Ski Tech Work

Various tips and repairs
A lot of what i do for my job involves major repairs to a ski or snowboard, it could be patching a base, replacing an edge or rebuilding a sidewall………I think that most damage to a ski can be fixed (obviously there are some exceptions).
I thought i would show some of the more recent fixes that i have done here in New Zealand, this is a great country to be a Ski Tech as they don’t have a throw away culture like in Europe.  They try and fix a ski before replacing it, so its the perfect place to practise the trade.
Hover mouse over images to see explanation
The Art of WaxingThere is definitely an art when it comes to waxing your board, its something that is usually overlooked and not done enough of.  Think of it as oiling your chain on a bike…..but do it a lot more often.   I recommend waxing your board at least every 6 or 7 days of use depending on the time of year and the type of snow you are on. usually the warmer spring snow will strip your board of wax quicker then in the colder months.

Check list for home waxing

  • Iron(any cheap iron will do, i int the travel irons work well)
  • Wax (Butta wax is the best you can get for both value and quality)
  • Scraper (cheap to buy, its essentially a piece of 5mm thick perspex)
  • Brush (its good to have a hard brush and a soft brush)
  • Wax Remover (Not essential but if you want to do a good job then i advise having some, Green stuff is great)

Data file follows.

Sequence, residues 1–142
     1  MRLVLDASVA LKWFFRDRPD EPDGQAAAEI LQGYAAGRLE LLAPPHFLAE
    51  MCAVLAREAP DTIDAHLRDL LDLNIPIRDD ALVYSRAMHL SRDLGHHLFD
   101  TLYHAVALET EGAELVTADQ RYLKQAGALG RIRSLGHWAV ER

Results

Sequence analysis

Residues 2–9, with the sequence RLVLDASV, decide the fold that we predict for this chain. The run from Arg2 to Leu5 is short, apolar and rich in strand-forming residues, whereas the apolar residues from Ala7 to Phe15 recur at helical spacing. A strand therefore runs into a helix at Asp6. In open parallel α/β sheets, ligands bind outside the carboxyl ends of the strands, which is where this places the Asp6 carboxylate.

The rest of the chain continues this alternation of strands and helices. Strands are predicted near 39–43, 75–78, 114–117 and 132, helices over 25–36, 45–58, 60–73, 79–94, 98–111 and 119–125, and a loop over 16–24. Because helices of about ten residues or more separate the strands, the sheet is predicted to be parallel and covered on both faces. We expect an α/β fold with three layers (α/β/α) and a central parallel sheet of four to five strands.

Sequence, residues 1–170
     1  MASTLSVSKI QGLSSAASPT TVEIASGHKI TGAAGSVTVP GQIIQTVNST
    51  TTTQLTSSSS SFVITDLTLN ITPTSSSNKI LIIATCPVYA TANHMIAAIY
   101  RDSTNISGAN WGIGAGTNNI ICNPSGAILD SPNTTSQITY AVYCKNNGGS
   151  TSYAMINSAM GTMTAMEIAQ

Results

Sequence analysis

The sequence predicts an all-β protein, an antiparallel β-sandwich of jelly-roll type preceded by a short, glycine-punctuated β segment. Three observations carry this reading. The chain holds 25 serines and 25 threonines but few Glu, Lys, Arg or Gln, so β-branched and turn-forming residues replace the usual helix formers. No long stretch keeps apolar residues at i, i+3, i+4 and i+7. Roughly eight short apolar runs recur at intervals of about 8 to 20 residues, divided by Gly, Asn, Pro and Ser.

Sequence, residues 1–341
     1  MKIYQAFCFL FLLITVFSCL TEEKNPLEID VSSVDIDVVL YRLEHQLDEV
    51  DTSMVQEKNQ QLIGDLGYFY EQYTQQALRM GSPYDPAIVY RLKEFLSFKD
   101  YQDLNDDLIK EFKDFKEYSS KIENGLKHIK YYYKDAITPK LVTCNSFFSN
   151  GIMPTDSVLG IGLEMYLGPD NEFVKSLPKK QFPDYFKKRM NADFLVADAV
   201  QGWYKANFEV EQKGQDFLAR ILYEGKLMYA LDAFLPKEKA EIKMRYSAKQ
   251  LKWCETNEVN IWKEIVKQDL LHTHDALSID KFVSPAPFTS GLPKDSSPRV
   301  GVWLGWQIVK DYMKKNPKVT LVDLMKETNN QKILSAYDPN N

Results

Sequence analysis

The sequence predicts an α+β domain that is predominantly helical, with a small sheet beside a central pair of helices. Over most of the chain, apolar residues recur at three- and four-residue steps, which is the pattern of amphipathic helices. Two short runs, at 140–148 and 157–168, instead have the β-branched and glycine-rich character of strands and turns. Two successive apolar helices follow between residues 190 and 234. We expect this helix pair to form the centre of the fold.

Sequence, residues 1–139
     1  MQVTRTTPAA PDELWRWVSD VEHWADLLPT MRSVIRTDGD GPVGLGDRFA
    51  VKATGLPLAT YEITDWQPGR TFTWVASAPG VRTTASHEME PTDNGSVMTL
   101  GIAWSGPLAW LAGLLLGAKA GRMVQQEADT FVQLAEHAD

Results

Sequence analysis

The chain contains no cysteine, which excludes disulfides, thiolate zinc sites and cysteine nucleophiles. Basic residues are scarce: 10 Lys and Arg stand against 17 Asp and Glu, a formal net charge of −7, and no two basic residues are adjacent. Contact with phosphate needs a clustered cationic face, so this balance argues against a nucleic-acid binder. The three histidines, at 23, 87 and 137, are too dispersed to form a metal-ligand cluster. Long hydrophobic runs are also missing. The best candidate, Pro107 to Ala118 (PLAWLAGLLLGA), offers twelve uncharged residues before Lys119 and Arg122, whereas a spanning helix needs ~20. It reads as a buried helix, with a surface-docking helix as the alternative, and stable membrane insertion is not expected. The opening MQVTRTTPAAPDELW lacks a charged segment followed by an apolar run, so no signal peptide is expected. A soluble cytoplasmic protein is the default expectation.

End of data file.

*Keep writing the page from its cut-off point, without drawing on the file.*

• Surface to do it on.  (The guys at Butta found that an old keyboard stand works great, or take your bindings off and find a flat grippy surface)

Step 1
Clean your base. Use wax remover and a cloth to take any grease and dirt off the base. This just means you won’t be scrap gin and dirt over your base with the iron, and it cleans out the pores.  There are more advance ways to do this, but they are pretty unnecessary for home waxing.

Step 2
Apply the wax, do this in a well ventilated area. Get your wax iron up to about 100 degrees and point the corner towards the board so that the wax drips in nice even blobs.  put a corner of the wax against the iron and drip an ‘S’ shape along your board.  There doesn’t need to be a huge amount of wax, in fact its good to have not quite enough otherwise you are just wasting your wax.  This is something you will learn with practise.
Now come the part that in my opinion is the most important, spreading the wax. Most people move the iron in quick circles, but i think this is pretty ineffective.  Hold the iron flat to the base and slowly move the iron down the length of the board, you don’t need to apply too much pressure and don’t hold the iron in the same place for too long…..keep it moving.  This way the wax is distributed evenly and you get a nice flat coating, rather then a messy coating.  It makes it easier to scrape later.

Step 3
Leave the wax until its completely cool to the touch, the longer the better.

Step 4
Grab your scraper and hold it so that it is angled away from you and one edge is against the wax.  Get your thumbs behind the scraper and push away form you with long strokes, you want to scrape the wax off, not chisel it away. Wax is just a carrier for the good stuff that gets absorbed into your board, so once it has cooled it serves no purpose.


Step 5
Once the wax is scraped away, you need to get the hard brush and get rid of any left over wax.  Once this is done, the soft brush will add a nice smooth texture to the base.  Job done!






Salomon Tech Manual
For any budding Ski Techs, this is a pretty good read. It covers most of the basics with tuning, plus help with rental set ups ect…..worth while having in any workshop
The manual is available at –
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